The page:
But this blog post is not about software components either. It is about software evolution. We can define software evolution as a variation in software over the time. This definition is not complete but it is good enough. It can be applied on different levels, whether it is the software industry as a whole or a small application. It is important to say that software evolution is a result of our understanding about software, including an exact knowledge, culture and beliefs, at any point of time. We can reuse the analogy of terms like mutation, crossover, hybrid and so on to describe processes in software evolution.

Combining different ideas is one of the primary factor for software evolution. And this is where we need software components. There is a common comparison between software components and LEGO blocks. The analogy of software genes might be another alternative. An application DNA is defined by its genes.

Software evolution is not a linear process. Do you remember Twitter’s dance between client-side and server-side rendering? It is a great example of survival of the fittest principle. So, what will be the next thing in software evolution? I don’t think anybody know the answer. So far, the software components seem to be a practical way to go. Seeing big companies like Facebook to emphasize on composability is a good sign.

The best way to predict your future is to create it.
– Abraham Lincoln

The Quiet Horror of instanceof Operator

During the last months I was busy with NativeScript more than ever. While my work keeps me busy with embedding V8 JavaScript engine I rarely have the chance to write JavaScript. Recently I had to deal with mapping Java OOP inheritance into JavaScript and more specifically I had to fix a failing JavaScript unit test which uses instanceof operator. So I grabbed the opportunity to dig more into instanceof internals.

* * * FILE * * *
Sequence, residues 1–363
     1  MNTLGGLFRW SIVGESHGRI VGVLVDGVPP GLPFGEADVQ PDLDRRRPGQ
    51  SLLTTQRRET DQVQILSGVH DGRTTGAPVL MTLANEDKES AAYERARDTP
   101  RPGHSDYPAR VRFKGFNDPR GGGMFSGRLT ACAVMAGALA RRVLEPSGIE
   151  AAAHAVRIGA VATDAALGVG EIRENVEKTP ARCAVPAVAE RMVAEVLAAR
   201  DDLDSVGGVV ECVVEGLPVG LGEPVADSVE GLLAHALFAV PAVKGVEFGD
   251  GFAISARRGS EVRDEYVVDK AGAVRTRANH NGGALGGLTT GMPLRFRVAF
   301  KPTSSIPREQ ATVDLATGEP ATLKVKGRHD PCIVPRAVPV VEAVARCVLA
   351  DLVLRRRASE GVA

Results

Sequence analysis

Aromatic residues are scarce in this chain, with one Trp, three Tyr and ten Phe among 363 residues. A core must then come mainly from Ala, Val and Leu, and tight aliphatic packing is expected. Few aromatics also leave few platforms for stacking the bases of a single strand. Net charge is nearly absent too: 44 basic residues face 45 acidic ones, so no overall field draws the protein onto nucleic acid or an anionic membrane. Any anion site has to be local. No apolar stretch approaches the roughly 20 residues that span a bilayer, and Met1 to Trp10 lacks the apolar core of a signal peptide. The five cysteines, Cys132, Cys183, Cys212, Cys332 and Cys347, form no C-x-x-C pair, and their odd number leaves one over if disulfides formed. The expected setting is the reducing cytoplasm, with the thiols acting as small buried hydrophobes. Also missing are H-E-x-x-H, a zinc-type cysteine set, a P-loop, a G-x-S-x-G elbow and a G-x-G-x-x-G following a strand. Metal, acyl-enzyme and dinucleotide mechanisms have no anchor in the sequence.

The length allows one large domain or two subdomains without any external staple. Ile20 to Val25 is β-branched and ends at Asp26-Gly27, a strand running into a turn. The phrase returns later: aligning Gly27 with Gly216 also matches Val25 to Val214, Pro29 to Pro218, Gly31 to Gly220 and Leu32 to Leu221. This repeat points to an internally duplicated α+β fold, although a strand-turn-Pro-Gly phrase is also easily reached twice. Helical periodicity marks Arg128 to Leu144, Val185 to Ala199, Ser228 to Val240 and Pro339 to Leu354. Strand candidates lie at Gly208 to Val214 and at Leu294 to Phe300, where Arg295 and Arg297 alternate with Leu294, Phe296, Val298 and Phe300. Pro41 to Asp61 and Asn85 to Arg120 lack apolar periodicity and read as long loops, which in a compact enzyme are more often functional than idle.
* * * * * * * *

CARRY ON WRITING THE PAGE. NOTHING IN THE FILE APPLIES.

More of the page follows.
It is virtually impossible to talk about instanceof operator without mentioning typeof operator first. According MDN documentation

The typeof operator returns a string indicating the type of the unevaluated operand.

As described typeof operator does not seem useful. Probably the most interesting thing the use of unevaluated word. This allows us to test whether particular symbol is defined. For example

if (typeof x !== 'undefined')

will execute without ReferenceError even when x is not present.

Let’s see instanceof documentation

The instanceof operator tests whether an object has in its prototype chain the prototype property of a constructor.

After digging into instanceof operator I was even more puzzled. While typeof operator was introduced since the first edition of ECMAScript it seems that language designer(s) didn’t have clear idea about instanceof operator. It is mentioned as a reserved keyword in the second edition of ECMAScript and it is finally introduced into the third edition of ECMAScript. The operator definition is clear but I have troubles finding meaningful uses. Let’s see the following common example.

if (x instanceof Foo) {;

I feel uneasy with the assumption that if x has Foo‘s prototype somewhere in its prototype chain then it is safe to assume that bar exists. Mixing properties of nominal type system with JavaScript just doesn’t seem intuitive to me. I guess there are some practical scenarios where typeof and instanceof operators are useful but my guess is that their number is limited.

On Agile Practices

I have recently read the article What Agile Teams Think of Agile Principles from Laurie Williams and it got me thinking. The study conclusion is as follows:

The authors of the Agile Manifesto and the original 12 principles spelled out the essence of the agile trend that has transformed the software industry over more than a dozen years. That is, they nailed it.

Here are the top 10 agile practices from the case study.

Agile practice Mean Standard Deviation
Continuous integration 4.5 0.8
Short iterations (30 days of less) 4.5 0.8
“Done” criteria 4.5 0.8
Automated tests run with each build 4.4 0.9
Automated unit testing 4.4 0.9
Iterations review/demos 4.3 0.8